State funding is crucial to the upkeep and operating of Oakland University, but there was a brief time in the fall of 1980 when that funding was threatened by a tax change known as the Tisch Amendment.
The Tisch Amendment was a tax proposal that presented major tax cuts across the board in the state of Michigan, and would require any change in state tax to have a voter approval rate of 60 percent in special referendums. This would include licenses, permits, and most importantly, changes in tuition.
Predictions were that tuition would double or triple if the amendment passed, on top of financial aid programs being heavily reduced or even eliminated. OU specifically would lose all of its funding from the state, which was around $20 million at the time.
“Our analysis leads to the unavoidable conclusion that the Tisch Amendment, if adopted, would be devastating for all of Michigan’s colleges and universities,” said a joint statement released from the Presidents’ Council of State Colleges and Universities and the Association of Independent Colleges and Universities in Michigan.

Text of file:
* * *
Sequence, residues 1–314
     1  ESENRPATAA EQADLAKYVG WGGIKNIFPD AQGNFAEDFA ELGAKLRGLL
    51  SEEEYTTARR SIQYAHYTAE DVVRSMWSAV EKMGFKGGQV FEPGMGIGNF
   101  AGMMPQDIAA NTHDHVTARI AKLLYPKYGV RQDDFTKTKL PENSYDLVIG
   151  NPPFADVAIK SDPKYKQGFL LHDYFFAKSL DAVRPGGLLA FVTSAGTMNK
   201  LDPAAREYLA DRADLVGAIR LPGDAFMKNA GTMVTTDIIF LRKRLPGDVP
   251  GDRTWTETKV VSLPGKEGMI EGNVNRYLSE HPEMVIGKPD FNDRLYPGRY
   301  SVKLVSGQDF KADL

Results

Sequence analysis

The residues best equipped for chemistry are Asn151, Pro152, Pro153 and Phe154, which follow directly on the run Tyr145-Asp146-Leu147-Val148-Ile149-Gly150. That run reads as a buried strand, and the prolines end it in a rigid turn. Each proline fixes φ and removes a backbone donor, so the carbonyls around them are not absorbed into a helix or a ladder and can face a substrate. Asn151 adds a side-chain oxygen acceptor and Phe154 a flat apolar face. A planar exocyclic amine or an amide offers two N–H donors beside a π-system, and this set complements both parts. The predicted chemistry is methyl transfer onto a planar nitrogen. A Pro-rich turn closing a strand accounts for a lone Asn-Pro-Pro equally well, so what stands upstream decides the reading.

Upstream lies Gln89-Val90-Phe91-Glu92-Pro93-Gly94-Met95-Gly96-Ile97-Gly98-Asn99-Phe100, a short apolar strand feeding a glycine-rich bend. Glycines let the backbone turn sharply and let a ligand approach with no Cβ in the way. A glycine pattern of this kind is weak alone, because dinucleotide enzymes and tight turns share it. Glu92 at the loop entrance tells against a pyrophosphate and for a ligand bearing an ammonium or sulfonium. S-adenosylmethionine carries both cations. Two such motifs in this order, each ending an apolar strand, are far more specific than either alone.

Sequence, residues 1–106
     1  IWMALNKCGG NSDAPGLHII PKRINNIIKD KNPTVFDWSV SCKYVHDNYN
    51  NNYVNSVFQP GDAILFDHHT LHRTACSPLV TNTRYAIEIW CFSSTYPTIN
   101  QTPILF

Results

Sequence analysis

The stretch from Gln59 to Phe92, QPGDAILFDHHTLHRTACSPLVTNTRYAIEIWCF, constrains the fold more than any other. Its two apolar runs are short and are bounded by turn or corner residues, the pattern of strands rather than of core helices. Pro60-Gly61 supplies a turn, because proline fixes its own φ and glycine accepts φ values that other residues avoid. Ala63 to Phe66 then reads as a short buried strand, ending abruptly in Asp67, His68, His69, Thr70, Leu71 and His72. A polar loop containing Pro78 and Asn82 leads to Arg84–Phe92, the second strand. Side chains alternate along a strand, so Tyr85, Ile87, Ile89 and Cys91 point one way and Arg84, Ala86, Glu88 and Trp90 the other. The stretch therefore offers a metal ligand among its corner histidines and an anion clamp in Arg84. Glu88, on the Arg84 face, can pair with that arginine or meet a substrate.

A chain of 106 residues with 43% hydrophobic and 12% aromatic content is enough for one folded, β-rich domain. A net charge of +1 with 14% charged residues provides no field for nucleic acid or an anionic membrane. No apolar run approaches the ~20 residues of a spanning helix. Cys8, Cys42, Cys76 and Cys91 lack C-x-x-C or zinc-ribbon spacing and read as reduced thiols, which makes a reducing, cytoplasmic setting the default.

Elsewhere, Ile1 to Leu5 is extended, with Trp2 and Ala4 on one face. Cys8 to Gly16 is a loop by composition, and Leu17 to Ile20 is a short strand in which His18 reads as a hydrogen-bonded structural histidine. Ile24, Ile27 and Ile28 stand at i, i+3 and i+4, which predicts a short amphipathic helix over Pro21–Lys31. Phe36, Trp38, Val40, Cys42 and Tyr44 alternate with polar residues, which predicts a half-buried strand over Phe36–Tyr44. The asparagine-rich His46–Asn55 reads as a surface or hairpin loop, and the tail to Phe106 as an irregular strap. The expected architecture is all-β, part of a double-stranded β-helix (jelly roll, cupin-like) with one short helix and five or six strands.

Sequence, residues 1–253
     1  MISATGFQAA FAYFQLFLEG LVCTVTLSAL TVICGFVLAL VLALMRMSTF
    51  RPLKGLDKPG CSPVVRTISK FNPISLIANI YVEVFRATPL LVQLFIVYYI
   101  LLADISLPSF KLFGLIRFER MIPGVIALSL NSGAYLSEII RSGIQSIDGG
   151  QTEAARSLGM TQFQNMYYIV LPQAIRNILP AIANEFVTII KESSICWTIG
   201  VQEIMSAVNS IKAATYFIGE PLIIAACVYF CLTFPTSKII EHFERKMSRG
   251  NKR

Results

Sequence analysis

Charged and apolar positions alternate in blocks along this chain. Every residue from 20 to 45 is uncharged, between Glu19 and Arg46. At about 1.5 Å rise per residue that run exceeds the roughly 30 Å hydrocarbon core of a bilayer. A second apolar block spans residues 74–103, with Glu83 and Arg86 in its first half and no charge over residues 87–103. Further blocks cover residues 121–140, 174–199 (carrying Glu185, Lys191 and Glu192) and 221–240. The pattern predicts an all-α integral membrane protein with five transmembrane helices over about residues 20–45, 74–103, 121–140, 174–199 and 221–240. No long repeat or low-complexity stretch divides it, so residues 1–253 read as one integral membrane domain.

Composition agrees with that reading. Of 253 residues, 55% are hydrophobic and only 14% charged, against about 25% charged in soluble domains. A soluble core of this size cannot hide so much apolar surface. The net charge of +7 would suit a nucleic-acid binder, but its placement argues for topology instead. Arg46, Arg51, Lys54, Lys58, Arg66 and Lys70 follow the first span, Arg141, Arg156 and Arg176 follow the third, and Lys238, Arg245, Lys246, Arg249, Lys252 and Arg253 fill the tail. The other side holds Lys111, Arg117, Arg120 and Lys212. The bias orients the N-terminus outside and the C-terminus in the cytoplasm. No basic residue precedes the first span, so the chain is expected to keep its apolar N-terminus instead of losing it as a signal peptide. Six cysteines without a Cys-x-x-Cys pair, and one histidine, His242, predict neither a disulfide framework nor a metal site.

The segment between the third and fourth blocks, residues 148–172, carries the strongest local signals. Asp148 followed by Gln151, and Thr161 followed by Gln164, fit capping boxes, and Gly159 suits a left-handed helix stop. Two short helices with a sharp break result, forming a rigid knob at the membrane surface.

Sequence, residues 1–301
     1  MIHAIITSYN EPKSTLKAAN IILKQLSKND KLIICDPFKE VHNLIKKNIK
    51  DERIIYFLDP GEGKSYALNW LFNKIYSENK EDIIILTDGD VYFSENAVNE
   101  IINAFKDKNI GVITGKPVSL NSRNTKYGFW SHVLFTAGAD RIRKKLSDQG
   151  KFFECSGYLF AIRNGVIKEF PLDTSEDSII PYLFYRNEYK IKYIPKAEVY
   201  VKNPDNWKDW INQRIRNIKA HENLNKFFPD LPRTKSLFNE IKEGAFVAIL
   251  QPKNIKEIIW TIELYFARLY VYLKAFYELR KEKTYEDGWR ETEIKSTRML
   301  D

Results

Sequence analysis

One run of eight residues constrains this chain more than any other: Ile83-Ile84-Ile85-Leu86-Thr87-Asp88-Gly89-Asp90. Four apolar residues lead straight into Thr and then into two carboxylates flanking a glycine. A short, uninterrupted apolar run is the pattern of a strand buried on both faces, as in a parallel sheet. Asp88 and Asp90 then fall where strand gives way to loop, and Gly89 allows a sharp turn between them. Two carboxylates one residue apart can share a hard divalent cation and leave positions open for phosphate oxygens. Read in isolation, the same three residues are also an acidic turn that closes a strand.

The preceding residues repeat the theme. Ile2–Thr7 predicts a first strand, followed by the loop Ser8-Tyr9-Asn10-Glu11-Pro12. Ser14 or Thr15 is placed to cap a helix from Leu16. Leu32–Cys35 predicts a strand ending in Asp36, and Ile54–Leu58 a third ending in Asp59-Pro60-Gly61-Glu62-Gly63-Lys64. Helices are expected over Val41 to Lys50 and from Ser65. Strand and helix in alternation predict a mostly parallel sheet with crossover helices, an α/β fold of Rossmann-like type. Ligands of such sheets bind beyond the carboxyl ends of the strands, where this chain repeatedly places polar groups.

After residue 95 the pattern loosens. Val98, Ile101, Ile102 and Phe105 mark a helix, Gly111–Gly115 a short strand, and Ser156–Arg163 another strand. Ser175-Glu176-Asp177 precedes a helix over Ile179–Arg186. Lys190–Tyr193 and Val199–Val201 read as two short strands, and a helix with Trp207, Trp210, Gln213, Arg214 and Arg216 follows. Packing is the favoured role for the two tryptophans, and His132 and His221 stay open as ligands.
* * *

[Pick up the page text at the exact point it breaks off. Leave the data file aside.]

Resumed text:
Oakland University Student Congress voted in a meeting in October, 1980, that the OU Board of Trustees take an official stance against the Tisch Amendment. The vote was made after a presentation by Edward Huebel, a political science professor at the university.
“I see a black cloud on the horizon as I see the possibility of the Tisch Amendment passing and what it would do to Oakland University,” he said.
There was only one senator in favor of the Tisch Amendment at the Student Congress meeting, and similarly there was one supporter of the amendment on the Board of Trustees. This supporter was Richard Headlee, the newly appointed chairman of the BOT.
“We’ve got a whole new generation of people growing in this state, but we’ve got no job opportunities in Michigan,” Headlee said.
He later went on to say that the “minor flaws” that the amendment had were fine compared to letting the government continue to spend high amounts of money.
Headlee also added that he was against OU taking a position against the proposal, saying that it was inappropriate for a university to take a stance on political matters. Despite Headlee’s dissent, the Board of Trustees approved a resolution to oppose the amendment with a vote of five to one.
Headlee’s outspoken position against the amendment soon caught up with him, with people calling upon the then Governor of Michigan William Milliken to demand Headlee’s resignation. Governor Milliken later came out saying that the appointment of Headlee was a major mistake.
This call for resignation not only involved the Tisch support, but also the Board of Trustees’ use of secret meetings and private interviews in the search for OU’s new president, which the Attorney General’s office had filed suit against the board for.
Ultimately, the Tisch proposal was defeated by voters in November, and Headlee stayed on as the head of the Board of Trustees.